Everyone knows it’s not all about what you know – it’s about who you know.

And that’s the reason that local economic development officials and real estate developers are tickled pink that a Greensboro woman – who they’re very familiar with – has been promoted to one of the most important economic development positions in the state.

Melissa Smith, who worked for years to draw more businesses to Randolph County, Guilford County and the Triad region, has been named as the vice president of business recruitment for the Economic Development Partnership of North Carolina (EDPNC) – a hybrid public-private organization that’s focuses on recruiting new businesses to North Carolina, as well as on supporting the needs of existing businesses in the state.

At a Thursday, June 25 meeting of the Guilford County Economic Development Alliance – a virtual meeting of course – it was evident that the local economic development team members were thrilled over the promotion that can only help area recruitment efforts.

Greensboro Chamber of Commerce President and CEO Brent Christensen was one of those who was very pleased.

“She’s a local contact who has worked her way up to the upper echelon of EDPNC,” Christensen said at the meeting. “We’re awfully proud of her.”

High Point Economic Development Corp. President Loren Hill was also delighted.

“It’s really good for us, here in Guilford County, to have someone who knows us, knows our assets and knows us personally,” he said.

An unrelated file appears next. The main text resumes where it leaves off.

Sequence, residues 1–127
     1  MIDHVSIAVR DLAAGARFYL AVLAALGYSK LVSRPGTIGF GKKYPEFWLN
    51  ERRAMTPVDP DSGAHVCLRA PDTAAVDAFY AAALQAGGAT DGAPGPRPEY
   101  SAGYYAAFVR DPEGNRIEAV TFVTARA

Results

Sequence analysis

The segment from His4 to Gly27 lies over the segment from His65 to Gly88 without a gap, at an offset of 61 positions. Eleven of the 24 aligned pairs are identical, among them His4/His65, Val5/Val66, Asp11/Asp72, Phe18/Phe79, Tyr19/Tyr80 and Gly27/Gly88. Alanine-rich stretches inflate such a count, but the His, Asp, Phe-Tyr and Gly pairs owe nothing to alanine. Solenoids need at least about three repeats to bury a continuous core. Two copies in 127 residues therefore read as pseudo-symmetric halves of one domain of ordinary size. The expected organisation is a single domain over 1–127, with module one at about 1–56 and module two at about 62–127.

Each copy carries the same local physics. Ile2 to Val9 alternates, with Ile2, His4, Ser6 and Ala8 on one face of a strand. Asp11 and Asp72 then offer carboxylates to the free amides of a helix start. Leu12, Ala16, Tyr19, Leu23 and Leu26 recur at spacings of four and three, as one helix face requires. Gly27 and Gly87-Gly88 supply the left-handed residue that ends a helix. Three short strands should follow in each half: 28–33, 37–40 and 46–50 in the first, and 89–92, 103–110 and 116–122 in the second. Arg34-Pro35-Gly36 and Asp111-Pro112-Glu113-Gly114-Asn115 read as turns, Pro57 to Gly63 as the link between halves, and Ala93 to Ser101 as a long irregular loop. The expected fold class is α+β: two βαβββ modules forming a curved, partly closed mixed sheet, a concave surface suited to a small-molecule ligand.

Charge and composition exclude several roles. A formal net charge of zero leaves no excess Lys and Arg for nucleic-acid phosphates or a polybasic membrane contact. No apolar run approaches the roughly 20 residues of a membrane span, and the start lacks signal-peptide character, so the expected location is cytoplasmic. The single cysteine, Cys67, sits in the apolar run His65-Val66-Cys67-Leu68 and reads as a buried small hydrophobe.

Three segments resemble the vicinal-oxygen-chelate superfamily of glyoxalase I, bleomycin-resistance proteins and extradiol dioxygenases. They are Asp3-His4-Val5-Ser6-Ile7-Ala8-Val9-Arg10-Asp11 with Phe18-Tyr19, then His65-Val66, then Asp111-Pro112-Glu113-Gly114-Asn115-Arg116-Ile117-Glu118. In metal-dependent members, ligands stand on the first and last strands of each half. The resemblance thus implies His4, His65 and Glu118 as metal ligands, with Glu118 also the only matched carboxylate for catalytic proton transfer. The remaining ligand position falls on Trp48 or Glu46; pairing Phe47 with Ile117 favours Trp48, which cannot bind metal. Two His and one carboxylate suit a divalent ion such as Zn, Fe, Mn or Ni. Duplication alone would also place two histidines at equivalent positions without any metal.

Hill said he’s been impressed with Smith’s work for years.

“Melissa is someone the economic development teams have known a long time,” Hill said. “The first time I met her was when she worked for the Randolph County Economic Development Corporation.”

Smith was hired by the NC Department of Commerce and worked there for the benefit of the Piedmont Triad region before being hired by the EDPNC in 2014, when that business recruitment organization was founded.

“She’s been a senior rep for them but, as of two weeks ago, she’s now vice president of economic recruitment,” Hill said. “She lives in Greensboro now. I joked that the bad news about her promotion is that she has to move away. She has until the end of the year to move to Raleigh.”

Hill said that, despite where Smith lives, her focus on the Triad won’t go away.

“Her boss, EDPNC President Chris Chung told us, ‘Regardless of where she’ll be living, she’s committed herself and her team to do all they can to put the Triad in play to compete for, and hopefully win, more recruitment opportunities looking at North Carolina,’” Hill said.